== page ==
The fourth concern is arguably the most serious. This is the danger that a low carbon transition within militaries threatens to speed up the current arms races among the world’s major military power blocs – especially between NATO, China and Russia. So, far from reducing emissions, it would lead to more competition, more confrontation, and more risk of conflict – and lead to higher military spending and ultimately more greenhouse gas emissions. A particular concern here is the increasing military use of robotic technologies and artificial intelligence. Robotic aircraft, for example, tend to be lighter and more fuel efficient. Hence, they can be used to fly further or carry more weapons. There is a widespread concern in civilian sectors that increased energy efficiency often does not lead to reduced fuel use (and therefore reduced greenhouse gas emissions) – because, without other restrictions, the technology is simply used more. The effect is called ‘rebound’. There is a very real risk that greater military energy efficiency will also lead to rebound – indeed, this seems to be the intention: ‘More fight, less fuel’.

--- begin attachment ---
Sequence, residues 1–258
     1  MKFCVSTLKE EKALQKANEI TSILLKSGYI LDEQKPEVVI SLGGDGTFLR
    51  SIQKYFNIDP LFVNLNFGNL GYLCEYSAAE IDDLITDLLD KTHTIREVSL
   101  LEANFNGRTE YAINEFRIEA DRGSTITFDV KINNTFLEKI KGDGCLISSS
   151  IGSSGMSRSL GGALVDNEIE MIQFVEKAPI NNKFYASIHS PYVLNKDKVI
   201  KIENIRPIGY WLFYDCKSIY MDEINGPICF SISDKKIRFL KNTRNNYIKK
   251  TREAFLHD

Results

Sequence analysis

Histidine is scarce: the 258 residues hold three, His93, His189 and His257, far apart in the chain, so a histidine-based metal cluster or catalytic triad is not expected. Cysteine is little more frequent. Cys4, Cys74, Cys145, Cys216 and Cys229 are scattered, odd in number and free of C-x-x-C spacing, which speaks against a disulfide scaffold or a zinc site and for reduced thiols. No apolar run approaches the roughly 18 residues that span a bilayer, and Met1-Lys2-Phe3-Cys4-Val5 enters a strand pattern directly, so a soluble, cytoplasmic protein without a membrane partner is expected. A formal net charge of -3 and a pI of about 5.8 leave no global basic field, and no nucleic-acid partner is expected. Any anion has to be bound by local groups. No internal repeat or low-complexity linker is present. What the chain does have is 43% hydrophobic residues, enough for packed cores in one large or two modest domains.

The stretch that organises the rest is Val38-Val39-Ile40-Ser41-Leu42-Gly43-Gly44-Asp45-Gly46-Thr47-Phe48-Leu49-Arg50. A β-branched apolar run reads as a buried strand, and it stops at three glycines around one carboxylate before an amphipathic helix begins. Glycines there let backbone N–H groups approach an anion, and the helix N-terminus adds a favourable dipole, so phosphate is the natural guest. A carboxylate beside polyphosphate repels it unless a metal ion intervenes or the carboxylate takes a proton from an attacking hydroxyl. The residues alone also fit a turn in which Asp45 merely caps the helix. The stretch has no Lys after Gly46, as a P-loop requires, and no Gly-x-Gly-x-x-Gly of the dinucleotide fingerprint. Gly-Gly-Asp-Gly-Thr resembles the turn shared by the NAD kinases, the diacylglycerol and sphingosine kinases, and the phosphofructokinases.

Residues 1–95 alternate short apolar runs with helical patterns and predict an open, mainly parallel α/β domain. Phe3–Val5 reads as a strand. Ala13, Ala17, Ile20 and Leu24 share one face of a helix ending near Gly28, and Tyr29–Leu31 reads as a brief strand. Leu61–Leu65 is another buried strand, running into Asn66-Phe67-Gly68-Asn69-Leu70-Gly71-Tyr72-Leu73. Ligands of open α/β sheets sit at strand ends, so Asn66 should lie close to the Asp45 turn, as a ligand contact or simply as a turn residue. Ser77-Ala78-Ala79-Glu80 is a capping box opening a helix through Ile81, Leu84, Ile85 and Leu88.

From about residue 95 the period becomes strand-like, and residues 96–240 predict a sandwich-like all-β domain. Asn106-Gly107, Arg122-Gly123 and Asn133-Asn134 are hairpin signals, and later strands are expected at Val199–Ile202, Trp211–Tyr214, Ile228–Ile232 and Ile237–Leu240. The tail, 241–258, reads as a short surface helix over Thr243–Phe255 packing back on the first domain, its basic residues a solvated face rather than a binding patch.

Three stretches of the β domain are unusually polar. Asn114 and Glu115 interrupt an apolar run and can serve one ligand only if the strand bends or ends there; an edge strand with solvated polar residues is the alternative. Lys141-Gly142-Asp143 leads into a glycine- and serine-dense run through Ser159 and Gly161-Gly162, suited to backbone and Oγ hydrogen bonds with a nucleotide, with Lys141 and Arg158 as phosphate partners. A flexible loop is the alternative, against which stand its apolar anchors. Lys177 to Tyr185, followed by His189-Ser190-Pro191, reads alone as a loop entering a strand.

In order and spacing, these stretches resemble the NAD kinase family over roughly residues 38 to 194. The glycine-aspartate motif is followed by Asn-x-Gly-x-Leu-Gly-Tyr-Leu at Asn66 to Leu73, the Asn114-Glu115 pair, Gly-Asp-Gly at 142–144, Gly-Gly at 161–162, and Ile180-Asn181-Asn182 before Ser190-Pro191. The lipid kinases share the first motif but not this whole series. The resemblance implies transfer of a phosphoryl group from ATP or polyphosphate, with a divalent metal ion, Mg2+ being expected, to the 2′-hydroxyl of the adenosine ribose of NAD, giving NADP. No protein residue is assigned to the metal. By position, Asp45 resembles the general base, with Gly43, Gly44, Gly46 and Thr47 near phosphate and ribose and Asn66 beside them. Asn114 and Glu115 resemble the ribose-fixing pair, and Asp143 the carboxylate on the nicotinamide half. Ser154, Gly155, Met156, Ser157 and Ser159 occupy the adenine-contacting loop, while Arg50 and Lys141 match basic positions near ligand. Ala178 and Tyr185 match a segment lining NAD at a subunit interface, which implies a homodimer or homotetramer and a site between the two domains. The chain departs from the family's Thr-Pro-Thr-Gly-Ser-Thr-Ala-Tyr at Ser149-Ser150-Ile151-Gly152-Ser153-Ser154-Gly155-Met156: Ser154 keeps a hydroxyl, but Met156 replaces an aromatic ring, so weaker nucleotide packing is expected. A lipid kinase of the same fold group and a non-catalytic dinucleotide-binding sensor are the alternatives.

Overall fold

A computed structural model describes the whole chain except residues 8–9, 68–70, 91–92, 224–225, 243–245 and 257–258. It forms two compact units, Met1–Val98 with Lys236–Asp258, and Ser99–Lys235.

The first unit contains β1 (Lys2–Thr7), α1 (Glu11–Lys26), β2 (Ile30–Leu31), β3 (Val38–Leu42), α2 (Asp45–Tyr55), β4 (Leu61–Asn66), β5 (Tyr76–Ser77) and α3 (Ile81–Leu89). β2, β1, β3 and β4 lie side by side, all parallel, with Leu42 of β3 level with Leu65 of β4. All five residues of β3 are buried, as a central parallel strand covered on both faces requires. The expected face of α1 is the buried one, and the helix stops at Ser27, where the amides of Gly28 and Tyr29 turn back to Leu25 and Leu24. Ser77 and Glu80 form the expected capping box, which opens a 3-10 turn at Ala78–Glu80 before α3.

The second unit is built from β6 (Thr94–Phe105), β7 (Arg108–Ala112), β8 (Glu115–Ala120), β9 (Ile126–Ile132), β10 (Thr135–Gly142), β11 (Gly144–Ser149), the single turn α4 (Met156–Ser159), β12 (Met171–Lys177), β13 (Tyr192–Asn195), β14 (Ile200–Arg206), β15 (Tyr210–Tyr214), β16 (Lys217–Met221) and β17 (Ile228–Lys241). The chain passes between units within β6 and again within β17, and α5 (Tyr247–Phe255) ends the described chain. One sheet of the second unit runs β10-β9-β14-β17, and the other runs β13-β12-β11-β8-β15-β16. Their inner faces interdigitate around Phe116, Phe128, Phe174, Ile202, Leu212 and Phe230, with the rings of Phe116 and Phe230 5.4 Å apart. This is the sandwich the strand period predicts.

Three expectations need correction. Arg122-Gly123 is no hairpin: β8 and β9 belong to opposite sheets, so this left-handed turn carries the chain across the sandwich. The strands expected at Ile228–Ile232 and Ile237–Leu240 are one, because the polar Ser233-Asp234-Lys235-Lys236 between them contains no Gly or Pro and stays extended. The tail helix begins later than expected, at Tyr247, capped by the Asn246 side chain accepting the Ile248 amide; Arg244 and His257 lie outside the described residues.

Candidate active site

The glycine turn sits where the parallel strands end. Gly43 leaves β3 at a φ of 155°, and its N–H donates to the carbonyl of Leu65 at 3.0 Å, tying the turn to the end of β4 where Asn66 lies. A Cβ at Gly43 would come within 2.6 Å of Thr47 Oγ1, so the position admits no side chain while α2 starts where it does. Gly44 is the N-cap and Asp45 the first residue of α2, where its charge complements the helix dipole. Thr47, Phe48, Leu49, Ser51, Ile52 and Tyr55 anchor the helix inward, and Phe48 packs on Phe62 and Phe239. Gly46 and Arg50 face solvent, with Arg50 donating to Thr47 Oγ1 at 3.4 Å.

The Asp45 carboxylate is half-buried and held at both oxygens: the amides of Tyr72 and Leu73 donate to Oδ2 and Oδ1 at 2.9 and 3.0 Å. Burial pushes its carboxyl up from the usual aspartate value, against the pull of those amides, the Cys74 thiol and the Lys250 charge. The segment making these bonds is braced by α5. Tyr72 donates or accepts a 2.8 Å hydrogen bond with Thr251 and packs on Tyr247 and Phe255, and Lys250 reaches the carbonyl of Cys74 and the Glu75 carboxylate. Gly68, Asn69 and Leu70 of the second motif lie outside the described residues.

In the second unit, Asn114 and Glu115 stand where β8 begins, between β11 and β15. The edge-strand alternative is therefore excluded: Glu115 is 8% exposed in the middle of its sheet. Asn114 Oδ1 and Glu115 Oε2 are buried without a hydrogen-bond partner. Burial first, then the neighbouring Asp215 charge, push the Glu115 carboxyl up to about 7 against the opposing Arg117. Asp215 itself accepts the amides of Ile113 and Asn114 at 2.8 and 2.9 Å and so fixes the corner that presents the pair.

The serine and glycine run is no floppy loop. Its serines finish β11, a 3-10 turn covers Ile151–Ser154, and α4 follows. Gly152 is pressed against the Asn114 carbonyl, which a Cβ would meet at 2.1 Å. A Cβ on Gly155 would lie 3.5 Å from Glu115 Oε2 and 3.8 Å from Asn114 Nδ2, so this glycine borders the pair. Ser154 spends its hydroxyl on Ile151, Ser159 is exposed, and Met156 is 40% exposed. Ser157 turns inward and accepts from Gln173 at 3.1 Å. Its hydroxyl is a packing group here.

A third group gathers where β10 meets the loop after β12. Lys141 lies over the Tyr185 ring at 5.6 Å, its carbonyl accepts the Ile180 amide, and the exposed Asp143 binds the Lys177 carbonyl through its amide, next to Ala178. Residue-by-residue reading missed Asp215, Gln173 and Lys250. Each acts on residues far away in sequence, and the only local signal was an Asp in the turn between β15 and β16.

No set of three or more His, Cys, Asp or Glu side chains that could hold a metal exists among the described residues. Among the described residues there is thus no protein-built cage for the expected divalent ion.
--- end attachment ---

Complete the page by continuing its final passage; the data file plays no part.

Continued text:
Finally, there is ‘elephant in the room’ – the climate impact should nuclear weapons ever be used again. The threat of a ‘nuclear winter’ – a rapid catastrophic cooling of the climate due to the huge amount of smoke that would be injected into the upper atmosphere from a nuclear war – was first recognised by climate scientists in the 1980s. Over the past 15 years, this research has been updated using the latest climate models, and it shows that if anything the climate is even more sensitive to these effects.  No military can claim to be ‘climate friendly’ while it deploys nuclear weapons.